Taking place at a summer camp named “Camp Blackfoot” late one night, a group of boys try to play a prank on a their mean, alcoholic caretaker named Cropsy (Lou David) to try to scare him. Some have even hinted that Cropsy may have been a pedophile, but I highly doubt that was the case. The prank doesn’t go exactly as planned when Cropsy knocks over the flaming skull that the boys used for the prank onto himself and soon the gas tank; setting both himself and the room on fire. Soon the boys are watching Cropsy as he is engulfed in flames, falling down a ravine into a lake. Five years later, Cropsy is released from the hospital. He is left disfigured and wanting revenge.
Not too far from where Camp Blackfoot was located is Camp Stonewater; a new camp with a lot of fresh faces. There are many characters dealing with their own situations: Eddy (Ned Eisenberg) tries to score with shy girl Karen (Carolyn Houlihan), Todd (Brian Matthews) and Michelle (Leah Ayres) struggle with being the head counselors, lonely Alfred (Brian Backer, best known for playing Mark Ratner in Fast Times at Ridgemont High) tries to make friends with Dave (a young and with hair, Jason Alexander), Fish (J. R. McKechnie), and Woodstock (a very young, Fisher Stevens) as well as getting picked on by the camp’s bully Glazer (Larry Joshua), who tries to impress Sally (Carrick Glenn).
With a pair of garden shears in hand, Cropsy has made it to Camp Stonewater and is viciously taking the campers out one by one in a slew of grisly murders. Everything is all fun and games for the campers until Karen and some canoes come up missing. The only person who realizes that Cropsy is out there is Alfred. As he tries convincing to Todd and some of the others that there’s a killer on the loose, more campers are falling victim to Cropsy; especially in the infamous ‘raft massacre’ scene. Towards the end we’re left with a final showdown, but the question is: “Will Cropsy be stopped for good?”.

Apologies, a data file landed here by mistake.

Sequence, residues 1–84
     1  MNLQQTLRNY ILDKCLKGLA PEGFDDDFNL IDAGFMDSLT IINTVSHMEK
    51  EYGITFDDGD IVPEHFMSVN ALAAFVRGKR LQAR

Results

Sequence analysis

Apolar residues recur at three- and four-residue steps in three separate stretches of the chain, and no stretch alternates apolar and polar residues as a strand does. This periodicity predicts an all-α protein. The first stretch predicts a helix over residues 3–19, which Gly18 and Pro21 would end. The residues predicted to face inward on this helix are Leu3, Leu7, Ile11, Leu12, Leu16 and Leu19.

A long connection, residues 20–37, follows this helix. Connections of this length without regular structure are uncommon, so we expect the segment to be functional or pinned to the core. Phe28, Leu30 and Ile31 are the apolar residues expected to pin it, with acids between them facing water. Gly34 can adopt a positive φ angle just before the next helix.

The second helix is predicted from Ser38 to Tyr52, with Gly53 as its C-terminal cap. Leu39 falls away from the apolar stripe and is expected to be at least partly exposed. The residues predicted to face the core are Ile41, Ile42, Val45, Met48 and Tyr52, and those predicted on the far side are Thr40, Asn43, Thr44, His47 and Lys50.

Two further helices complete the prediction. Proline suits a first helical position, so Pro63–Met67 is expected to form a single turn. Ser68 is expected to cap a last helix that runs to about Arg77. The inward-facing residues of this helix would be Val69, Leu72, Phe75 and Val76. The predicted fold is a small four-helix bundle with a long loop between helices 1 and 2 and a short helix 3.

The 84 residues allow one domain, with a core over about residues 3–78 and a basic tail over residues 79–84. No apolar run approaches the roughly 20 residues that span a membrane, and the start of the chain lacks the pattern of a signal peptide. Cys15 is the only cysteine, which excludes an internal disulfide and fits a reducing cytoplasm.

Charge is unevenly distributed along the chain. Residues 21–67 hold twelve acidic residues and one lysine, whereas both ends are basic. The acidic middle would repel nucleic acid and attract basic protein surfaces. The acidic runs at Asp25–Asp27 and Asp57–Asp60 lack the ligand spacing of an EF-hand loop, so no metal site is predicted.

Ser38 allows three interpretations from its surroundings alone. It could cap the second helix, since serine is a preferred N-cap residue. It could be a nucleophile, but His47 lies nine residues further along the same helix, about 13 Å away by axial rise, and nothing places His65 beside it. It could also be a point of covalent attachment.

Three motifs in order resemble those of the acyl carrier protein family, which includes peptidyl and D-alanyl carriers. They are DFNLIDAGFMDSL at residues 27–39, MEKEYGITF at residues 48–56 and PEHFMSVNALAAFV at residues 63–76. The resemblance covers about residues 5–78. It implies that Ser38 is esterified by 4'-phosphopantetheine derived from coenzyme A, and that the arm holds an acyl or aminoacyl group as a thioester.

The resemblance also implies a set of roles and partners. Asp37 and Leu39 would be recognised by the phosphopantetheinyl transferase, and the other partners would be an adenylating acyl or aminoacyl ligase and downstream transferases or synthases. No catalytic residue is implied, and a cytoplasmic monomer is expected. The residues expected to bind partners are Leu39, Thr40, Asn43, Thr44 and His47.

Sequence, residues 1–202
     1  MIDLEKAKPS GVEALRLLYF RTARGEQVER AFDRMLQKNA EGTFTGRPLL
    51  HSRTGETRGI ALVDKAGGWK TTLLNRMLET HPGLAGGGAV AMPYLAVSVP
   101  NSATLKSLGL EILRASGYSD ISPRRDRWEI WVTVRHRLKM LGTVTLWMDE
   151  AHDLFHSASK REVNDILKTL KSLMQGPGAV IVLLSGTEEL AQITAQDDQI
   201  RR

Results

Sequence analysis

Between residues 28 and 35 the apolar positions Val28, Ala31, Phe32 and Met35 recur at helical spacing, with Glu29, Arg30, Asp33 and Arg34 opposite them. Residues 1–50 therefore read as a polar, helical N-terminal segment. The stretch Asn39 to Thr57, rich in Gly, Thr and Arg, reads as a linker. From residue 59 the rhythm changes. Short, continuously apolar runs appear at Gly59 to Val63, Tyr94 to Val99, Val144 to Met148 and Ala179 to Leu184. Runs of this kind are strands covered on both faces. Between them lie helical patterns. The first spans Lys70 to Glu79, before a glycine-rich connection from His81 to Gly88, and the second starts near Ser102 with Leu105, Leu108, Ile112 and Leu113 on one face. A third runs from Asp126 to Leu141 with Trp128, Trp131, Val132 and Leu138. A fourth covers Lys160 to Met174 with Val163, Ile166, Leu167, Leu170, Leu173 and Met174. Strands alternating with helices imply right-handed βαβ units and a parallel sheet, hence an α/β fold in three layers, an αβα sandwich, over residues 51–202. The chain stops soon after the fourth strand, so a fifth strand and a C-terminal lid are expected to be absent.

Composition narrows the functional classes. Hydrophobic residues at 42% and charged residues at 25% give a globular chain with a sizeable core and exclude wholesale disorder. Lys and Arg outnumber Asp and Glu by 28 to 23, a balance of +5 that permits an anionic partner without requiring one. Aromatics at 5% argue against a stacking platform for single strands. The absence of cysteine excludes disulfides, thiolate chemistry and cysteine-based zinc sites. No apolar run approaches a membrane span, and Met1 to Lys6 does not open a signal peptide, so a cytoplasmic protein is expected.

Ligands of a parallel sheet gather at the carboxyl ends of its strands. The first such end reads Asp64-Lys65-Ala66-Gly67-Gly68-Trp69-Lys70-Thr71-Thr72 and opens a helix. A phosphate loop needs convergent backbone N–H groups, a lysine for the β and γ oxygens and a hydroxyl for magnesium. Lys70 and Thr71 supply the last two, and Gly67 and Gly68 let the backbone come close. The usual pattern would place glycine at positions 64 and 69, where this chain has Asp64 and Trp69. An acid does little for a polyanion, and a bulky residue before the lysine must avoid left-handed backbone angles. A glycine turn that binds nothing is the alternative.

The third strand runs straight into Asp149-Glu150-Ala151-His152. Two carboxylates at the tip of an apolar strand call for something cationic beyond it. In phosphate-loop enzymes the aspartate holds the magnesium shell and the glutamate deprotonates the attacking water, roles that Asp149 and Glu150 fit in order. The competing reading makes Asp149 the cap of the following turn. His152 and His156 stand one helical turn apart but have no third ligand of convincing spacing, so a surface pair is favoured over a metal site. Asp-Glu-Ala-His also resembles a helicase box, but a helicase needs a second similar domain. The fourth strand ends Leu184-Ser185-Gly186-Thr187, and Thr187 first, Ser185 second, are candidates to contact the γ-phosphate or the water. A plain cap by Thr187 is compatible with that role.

Tony Maylam’s The Burning is a film that has been a big part of my life as being a fan of horror. It’s one of those films that I can recall on making me want to watch more horror films after I watched it for the first time, especially those that were more forgotten about. It’s also a film that doesn’t get as much credit then what it deserves, since it is mostly criticized as being a “rip-off” of Friday the 13th due to a similiar plot and location. Although it was made to somewhat cash in on the slasher movie craze that was going on during the early to mid ’80s, The Burning is consider to be one of the better films from that genre. It was one of the first films to be produced and distributed by Mirimax Films. Harvey Weinstien produced the film and Bob Weinstein co-wrote it. Having legendary makeup effects artist, Tom Savini, work on the film and Yes’ keyboardist, Rick Wakeman, performing the film’s eerie soundtrack, played a major part in helping the film gain some momentum.
What made the film gain even more attention was when it landed on the Video Nasties’ list. When the film was accidentally released uncut by British video label Thorn-EMI; the tapes were impounded under the Obscene Publications Act and then were added the list. One scene in particular caused it to be banned in U.K. for many years. That scene of course was the ‘raft massacre’ scene, which featured five kids being brutally dismembered. Another scene that was also supposed to be trimmed was before the title sequence that featured a pair of scissors piercing through a woman’s flesh. The Burning was finally released uncut in the U.K. after twenty years in 2001. Despite being banned in the U.K. for several years and not being released on DVD in the U.S. until 2007, The Burning has reached somewhat of a following among many horror fans and has become a slasher classic.